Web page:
SherryKaraoke avatar reviewed The Whistling Season on + 36 more book reviews
Helpful Score: 5
Wonderfully evocative ode to the one-room schoolhouses of early twentieth-century Montana. I fell in love with the Milliron family, dry-land farmers trying to make it after the death of their mother and the always whistling Rose Llewellyn who rescues them from the squalor of their all-male farmhouse and her brother Morris, who rescues their minds from the limitations of their country school.
KaysCMAlbums avatar reviewed The Whistling Season on + 97 more book reviews
Helpful Score: 3
Extremely well written; funny and entertaining. "The West's preeminent literary novelist...Doig's characters, new and old, are unforgettable...they are becoming a part of the American mindscape." Doig pulls you into this book with writing magic.
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reviewed The Whistling Season on + 71 more book reviews
I love this author and his stories of the west.
thefairunknown avatar reviewed The Whistling Season on + 57 more book reviews
Have you ever wanted to read a 13-year-old schoolboy's diary? Me neither, which is why I didn't find this book enjoyable at all. It's pretty much a record of farm chores, schoolyard fights, and homework. The two characters that are supposed to add interest to the story - Rose and Morrie - are dead weight for most of the book, and then turn into morally bankrupt con-artists in the last twenty or so pages, roping the children in with them. It was an absolute mess.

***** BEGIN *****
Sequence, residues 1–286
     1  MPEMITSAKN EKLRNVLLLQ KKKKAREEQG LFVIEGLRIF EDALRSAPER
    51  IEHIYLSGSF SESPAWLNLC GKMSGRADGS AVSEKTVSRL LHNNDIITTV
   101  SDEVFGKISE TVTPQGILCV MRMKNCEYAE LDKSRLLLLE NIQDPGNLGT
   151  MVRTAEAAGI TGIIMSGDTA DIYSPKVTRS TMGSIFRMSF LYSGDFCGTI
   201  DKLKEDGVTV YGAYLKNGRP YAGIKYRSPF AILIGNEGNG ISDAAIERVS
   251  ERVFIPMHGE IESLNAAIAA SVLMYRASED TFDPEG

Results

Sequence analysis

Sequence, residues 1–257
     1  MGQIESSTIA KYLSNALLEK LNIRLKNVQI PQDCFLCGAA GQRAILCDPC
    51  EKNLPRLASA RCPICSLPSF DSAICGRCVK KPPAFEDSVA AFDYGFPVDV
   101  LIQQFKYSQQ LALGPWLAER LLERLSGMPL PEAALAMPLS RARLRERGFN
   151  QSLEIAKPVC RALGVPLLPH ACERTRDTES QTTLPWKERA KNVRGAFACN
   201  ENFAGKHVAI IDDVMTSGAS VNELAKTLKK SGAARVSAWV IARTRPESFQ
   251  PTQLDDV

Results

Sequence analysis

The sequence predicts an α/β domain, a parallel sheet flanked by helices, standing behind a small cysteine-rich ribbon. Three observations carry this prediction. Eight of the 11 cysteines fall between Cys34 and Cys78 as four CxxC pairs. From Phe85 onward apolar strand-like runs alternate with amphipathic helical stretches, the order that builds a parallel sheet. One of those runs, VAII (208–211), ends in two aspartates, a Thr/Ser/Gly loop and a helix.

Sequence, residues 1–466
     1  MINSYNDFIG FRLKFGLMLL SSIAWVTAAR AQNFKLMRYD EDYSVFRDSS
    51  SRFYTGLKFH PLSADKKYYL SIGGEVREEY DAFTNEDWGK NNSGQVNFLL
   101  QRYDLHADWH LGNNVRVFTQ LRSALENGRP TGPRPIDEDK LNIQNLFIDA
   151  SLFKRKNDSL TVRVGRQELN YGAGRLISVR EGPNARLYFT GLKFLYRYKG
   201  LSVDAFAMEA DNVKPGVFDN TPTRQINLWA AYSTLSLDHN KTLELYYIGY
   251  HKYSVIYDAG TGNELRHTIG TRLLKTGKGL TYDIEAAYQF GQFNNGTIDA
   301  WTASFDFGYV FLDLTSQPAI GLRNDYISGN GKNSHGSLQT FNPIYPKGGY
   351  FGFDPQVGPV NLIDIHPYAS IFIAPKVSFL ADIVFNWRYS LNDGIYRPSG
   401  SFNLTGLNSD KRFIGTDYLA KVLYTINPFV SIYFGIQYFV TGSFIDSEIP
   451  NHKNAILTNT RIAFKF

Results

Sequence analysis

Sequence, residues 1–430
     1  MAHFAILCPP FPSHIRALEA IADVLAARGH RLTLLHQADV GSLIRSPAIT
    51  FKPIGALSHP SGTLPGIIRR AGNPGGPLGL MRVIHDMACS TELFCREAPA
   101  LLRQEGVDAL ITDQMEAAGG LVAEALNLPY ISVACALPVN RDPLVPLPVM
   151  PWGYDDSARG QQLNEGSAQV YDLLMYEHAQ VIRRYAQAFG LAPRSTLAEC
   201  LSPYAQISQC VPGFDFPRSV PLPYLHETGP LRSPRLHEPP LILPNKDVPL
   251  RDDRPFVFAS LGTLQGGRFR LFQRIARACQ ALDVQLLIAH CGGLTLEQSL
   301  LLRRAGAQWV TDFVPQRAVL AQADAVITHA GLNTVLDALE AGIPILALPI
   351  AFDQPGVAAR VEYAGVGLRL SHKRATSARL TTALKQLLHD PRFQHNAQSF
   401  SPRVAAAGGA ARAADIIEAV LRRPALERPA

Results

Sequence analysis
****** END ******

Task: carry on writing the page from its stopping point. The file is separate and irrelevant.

I have no idea why the narrator kept mentioning his current job sporadically throughout the book. It made no sense and was never tied up. Another reviewer mentioned this book reading like a Botched Version of Laura Ingalls Wilder's books and that's a very good comparison.

Also, it seems like the author wrote this just so he could show off as much of his knowledge as possible, quoting famous literature or mentioning Copernicus and Kepler at every turn. It really got old after a while. And if I ever have to read about spit shaking again, I just might start tearing my hair out.

What's funny about all this is Doig is not a bad writer. His prose is descriptive and he's often delightfully witty. The writing isn't the problem - the content is.
Readnmachine avatar reviewed The Whistling Season on + 1448 more book reviews
When the widowed father of three boys decides to import a housekeeper to their Montana homestead, it brings big changes, but not quite in the way anyone expected. This coming-of-age tale rings true in every line.
reviewed The Whistling Season on + 628 more book reviews
Wow, I loved this book by Ivan Doig. I have read several of his and I think this is my favorite , so far. The one room schoolhouse, the housekeeper who doesn't bite and her brother are fascinating characters. And of course there is a terrible villain. Beautifully written and told, and won't be forgotten soon. And I learned some Latin, and a lot about Halley's Comet and astronomy.Highly recommend!